The employee sued the employer alleging a violation of the Tennessee Human Rights Act for pregnancy discrimination. The case made its way to federal court and the District Court ruled in favor of the employer.  The District Court held that there was a genuine issue as to whether the employee actually resigned when faced with threatened termination and reporting to the licensing board. The District Court further held that the employee had put forth sufficient evidence of potential pregnancy discrimination to shift the burden of proof to the employer. But ultimately, the District Court determined that the employer honestly believed that the employee intentionally made inaccurate statements in the chart and that the employee failed to put forth sufficient evidence showing that the employer did not honestly believe in this professed non-discriminatory reason. Additionally, the District Court held that the employee failed to provide sufficient evidence that actual discrimination, as opposed to the alleged falsification of documents, was the real reason for the employee’s termination.

Appellate Court’s decision

On appeal, the employee challenged the District Court’s “honest belief” ruling on the basis that this rule “does not exist under Tennessee law.” However, the employee did not address the District Court’s conclusion that she had not plausibly linked her pregnancy to her firing. This, the Sixth Circuit held, was fatal to the employee’s appeal because an appeal must not only challenge the primary basis of a trial court’s decision, but it must also challenge the alternate basis as well. The Sixth Circuit affirmed the District Court holding that the employee “forfeited the right to challenge the second basis for the [D]istrict [C]ourt’s holding, even if she prevailed on her argument about the ‘honest belief’ rule . . . .”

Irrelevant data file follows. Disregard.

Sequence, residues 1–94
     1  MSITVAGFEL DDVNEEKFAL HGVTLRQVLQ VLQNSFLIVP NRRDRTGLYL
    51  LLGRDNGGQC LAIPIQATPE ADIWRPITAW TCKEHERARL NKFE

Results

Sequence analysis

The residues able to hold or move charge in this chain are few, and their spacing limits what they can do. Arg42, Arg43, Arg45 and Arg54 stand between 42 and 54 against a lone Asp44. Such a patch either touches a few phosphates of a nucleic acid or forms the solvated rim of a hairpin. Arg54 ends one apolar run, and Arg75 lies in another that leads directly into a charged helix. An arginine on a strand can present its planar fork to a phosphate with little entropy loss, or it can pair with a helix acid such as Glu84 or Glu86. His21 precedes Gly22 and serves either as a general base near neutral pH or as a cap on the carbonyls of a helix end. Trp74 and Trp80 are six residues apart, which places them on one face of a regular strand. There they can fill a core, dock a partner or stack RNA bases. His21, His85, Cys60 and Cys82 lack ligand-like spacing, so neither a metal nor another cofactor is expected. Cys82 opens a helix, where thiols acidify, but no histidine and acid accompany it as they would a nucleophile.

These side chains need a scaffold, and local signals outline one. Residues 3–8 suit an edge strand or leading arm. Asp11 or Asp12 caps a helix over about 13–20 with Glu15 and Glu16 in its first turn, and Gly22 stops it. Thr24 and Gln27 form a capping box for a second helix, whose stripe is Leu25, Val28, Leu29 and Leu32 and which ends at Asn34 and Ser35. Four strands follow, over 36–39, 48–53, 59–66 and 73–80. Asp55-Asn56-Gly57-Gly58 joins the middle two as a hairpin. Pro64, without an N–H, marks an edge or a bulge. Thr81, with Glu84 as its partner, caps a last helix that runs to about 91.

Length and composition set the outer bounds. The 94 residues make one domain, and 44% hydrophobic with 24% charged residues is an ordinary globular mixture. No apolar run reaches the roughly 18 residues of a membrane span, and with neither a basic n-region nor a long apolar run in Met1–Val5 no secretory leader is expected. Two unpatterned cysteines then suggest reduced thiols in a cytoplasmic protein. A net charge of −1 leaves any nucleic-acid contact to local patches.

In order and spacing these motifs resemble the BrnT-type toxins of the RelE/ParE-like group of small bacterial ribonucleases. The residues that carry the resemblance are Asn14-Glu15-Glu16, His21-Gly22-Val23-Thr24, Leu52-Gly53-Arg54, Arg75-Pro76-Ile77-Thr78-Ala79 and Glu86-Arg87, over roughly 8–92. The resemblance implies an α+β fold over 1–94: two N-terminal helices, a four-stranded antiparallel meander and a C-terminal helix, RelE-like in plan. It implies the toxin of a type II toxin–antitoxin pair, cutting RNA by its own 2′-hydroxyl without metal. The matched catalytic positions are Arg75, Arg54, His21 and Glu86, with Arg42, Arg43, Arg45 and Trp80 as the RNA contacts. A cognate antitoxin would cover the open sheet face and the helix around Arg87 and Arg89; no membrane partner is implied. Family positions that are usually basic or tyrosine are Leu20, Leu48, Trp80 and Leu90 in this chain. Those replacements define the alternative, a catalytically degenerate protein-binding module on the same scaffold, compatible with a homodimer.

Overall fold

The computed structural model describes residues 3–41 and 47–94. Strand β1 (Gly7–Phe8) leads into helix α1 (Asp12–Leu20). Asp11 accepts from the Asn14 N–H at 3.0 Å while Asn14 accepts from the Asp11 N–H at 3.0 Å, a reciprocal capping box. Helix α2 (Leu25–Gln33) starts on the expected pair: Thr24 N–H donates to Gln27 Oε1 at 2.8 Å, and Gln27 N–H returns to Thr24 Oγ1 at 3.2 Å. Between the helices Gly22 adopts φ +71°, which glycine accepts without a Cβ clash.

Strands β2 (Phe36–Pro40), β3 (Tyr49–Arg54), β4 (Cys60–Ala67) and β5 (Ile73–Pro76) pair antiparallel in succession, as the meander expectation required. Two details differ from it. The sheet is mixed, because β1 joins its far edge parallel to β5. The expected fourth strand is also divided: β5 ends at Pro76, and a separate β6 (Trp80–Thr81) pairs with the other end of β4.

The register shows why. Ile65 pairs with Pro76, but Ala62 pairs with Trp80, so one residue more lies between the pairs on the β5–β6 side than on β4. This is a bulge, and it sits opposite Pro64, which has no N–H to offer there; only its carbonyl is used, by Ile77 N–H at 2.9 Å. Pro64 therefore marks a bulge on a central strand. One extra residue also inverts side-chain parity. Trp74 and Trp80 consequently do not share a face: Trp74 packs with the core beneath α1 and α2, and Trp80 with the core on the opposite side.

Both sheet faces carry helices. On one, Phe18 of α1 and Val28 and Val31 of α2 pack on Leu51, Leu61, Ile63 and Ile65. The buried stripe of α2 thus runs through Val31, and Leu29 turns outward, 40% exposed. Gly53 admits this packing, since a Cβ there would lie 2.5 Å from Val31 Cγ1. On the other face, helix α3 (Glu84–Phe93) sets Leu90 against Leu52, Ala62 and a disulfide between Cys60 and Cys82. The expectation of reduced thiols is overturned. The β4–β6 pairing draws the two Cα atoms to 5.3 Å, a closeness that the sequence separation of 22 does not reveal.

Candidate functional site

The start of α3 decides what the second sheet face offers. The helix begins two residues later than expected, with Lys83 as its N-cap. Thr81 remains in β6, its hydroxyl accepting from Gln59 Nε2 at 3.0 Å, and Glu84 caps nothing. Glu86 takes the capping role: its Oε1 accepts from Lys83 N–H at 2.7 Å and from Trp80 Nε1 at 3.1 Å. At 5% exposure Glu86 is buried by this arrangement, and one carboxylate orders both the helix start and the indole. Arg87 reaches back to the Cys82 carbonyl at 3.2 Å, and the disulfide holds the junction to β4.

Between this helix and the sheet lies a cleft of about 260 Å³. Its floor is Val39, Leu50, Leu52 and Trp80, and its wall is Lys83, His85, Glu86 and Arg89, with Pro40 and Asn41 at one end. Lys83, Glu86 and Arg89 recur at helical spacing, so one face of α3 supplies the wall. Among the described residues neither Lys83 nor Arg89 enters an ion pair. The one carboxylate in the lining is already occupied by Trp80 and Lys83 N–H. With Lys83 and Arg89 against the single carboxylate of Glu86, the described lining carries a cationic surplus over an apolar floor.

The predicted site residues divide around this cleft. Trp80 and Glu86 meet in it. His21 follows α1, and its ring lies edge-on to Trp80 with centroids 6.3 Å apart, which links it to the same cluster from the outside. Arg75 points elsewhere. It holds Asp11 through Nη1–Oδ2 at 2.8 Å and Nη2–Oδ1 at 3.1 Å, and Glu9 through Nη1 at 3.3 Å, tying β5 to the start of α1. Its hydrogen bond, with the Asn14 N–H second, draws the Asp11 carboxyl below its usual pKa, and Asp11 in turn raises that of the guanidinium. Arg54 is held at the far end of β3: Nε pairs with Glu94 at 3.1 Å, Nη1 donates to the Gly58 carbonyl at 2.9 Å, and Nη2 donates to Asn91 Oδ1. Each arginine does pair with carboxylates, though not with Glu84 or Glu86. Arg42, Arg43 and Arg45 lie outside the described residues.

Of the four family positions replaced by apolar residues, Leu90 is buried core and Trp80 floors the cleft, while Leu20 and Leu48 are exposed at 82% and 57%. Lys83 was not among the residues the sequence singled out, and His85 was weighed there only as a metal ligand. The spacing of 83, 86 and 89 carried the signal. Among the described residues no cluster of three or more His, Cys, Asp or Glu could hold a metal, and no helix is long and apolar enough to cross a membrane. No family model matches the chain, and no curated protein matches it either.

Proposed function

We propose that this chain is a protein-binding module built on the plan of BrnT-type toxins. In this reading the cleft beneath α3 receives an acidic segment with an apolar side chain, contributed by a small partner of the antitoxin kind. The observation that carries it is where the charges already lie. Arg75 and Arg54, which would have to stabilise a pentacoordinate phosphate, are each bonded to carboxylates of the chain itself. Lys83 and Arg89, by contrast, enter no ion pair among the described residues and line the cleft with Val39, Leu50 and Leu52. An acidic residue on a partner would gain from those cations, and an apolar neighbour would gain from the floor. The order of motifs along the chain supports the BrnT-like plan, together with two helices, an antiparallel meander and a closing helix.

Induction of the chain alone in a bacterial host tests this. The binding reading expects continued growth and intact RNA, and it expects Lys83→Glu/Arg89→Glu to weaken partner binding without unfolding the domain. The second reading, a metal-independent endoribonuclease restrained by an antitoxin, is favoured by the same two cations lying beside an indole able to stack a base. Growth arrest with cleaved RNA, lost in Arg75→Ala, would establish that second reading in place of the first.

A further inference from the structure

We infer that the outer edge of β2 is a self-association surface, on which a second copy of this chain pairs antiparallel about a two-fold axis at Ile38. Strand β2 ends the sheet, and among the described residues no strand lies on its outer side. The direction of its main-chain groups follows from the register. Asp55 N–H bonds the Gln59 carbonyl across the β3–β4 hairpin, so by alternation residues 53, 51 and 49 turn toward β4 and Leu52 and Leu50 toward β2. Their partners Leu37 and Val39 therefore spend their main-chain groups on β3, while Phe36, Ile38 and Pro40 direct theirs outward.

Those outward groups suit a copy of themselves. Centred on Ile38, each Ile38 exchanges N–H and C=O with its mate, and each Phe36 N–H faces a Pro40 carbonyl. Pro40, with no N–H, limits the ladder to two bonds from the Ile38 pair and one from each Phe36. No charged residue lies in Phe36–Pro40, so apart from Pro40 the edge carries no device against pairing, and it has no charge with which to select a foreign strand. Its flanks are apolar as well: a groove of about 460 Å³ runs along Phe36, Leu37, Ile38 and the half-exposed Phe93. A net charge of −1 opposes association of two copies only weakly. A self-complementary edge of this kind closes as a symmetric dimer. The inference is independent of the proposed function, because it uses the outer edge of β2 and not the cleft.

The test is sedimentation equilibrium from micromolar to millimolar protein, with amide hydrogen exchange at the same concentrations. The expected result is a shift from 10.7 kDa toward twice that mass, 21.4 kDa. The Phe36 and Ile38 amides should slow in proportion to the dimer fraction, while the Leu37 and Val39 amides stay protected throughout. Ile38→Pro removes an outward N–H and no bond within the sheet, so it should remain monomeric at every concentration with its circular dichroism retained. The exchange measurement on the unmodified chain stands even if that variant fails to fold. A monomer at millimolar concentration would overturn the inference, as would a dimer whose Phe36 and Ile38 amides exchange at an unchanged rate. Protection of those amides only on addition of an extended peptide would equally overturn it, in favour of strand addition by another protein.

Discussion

Takeaway

This case shows that employees have the burden of plausibly linking their pregnancy to alleged adverse employment decisions, such as terminations. Further, this case illustrates the importance of an employer’s record keeping functions with respect to employee job performance.  Because the employer here maintained good records, the employer was able to use those records to show its honest belief and help prevent a bad outcome for the employer.  When employers have concerns about employee performance, including concerns about employee ethics, employers should keep good records of such issues and follow internal policies for reviews of such performance, including any verbal or written counseling, warnings, reprimands, and related decisions.

R. Eddie Wayland is a partner with the law firm of King & Ballow.  You may reach Mr. Wayland at (615) 726-5430 or at rew@kingballow.com.  The foregoing materials, discussion and comments have been abridged from laws, court decisions, and administrative rulings and should not be construed as legal advice on specific situations or subjects.